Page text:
Firearm collectors, and particularly those who specialize in hoarding revolvers, will hail the appearance in the United States of two books of British origin which fill in great gaps in the history of the revolving pistol. They are The Revolver 1818-1865, by A.W.F. Taylerson, R.A.N. Andrews and J. Frith, and The Revolver 1865-1888, by Taylerson alone, the first published by Crown Publishers, Inc. ($7.50) and the latter by Bonanza Books ($3.49), a division of Crown.
The emphasis in both books is, naturally, on British patents, but, as Taylerson, an Oxford-educated lawyer who found the bar boring, has said, "This is not an expression of nationalism, but merely the simplest way of viewing the field; most inventors with a good design idea patented their devices in several countries, so listing the British patents gives a pretty fair coverage of the protection secured elsewhere."
The coverage is, indeed, rather more than fair, ranging from hand-rotated flintlock pepperboxes to the seven-shot Chicago Protector pistol, which looks pretty much like a trout reel with a stubby barrel sticking out of it. It includes pistols with the trigger placed on top of the barrel, instead of beneath, together with some ugly, monstrous contraptions capable of firing 20 shots without reloading.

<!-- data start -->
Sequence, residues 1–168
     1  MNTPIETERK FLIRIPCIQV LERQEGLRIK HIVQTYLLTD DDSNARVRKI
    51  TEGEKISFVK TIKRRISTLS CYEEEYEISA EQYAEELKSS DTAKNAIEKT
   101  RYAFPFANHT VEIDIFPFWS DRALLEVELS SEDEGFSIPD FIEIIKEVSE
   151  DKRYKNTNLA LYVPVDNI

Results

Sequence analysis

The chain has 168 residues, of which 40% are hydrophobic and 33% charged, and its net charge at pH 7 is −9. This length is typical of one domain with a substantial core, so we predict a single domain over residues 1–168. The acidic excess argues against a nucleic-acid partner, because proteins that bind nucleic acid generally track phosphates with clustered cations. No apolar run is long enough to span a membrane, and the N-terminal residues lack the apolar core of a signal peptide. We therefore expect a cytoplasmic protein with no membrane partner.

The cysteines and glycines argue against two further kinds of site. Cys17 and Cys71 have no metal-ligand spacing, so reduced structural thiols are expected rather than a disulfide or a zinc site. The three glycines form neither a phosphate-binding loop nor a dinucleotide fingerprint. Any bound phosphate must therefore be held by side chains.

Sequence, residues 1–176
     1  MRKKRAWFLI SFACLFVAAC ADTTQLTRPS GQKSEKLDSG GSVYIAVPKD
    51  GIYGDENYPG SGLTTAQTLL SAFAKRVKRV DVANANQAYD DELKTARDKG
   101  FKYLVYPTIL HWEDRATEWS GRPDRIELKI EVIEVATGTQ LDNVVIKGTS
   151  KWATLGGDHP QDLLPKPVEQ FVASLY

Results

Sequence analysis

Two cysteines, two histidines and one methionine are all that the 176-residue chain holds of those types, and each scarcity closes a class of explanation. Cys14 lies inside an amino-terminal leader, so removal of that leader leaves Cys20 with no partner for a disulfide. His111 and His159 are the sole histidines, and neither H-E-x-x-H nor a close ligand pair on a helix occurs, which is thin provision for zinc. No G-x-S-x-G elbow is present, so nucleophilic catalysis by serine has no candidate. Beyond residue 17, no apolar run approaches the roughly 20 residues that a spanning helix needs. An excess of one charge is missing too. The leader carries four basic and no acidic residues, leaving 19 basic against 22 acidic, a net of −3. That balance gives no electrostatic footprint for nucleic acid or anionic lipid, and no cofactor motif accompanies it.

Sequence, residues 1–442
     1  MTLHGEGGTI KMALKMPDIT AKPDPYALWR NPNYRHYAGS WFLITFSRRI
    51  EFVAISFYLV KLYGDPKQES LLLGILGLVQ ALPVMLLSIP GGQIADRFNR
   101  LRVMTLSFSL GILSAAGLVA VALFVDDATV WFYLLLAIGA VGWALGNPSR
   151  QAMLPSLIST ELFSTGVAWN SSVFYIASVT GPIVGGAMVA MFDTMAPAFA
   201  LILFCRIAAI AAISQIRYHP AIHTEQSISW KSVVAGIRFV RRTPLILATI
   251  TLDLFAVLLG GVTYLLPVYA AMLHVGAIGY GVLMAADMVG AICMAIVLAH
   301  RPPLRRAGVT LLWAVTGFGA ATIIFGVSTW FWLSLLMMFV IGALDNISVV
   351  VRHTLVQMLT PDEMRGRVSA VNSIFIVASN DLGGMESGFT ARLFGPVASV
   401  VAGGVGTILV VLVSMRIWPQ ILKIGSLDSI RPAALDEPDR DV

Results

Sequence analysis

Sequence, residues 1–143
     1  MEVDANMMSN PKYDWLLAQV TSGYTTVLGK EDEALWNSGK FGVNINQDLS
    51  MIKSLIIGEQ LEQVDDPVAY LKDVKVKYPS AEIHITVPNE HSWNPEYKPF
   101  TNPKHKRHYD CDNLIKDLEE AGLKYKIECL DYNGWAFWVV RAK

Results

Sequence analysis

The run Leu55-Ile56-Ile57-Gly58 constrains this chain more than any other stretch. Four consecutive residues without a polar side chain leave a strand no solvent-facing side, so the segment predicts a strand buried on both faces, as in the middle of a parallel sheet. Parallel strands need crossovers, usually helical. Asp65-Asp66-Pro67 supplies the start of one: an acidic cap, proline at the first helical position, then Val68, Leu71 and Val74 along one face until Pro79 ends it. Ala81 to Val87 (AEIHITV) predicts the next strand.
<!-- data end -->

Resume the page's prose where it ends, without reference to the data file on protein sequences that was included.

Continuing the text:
Illustrations are lavish and most of them will prove fascinating to the student. The text in both of these volumes is strictly business, however, with no concession to entertainment.
Entertaining, nevertheless, is Taylerson's blasphemous opinion of frontier America's historically famous Colt Peacemaker, which can be seen flashing out of holsters almost any night on television. "The Colt company," he writes, "produced one weapon known to every reader, whether collector or layman." But he adds, "The Peacemaker was not a particularly well-designed arm.
"The rod-ejector was weak," Taylerson goes on, "and easily disabled by rough handling, and the cylinder-pin sometimes jarred out, in firing, to the embarrassment of the user. However, with all these defects, the arm became a fighter's side-arm, and it is little exaggeration to say that whatever parts broke, or failed, the pistol could still be fired."
As for Colt's double-action Model 1878, which when chambered for a .44 magazine rifle cartridge was known as the Frontier model, Taylerson found it "rather frail."
"It had the advantage, over the single-action pistol, of a butt integral with the frame, but it was a miserable arm," he writes.
Smile when you say that, Taylerson.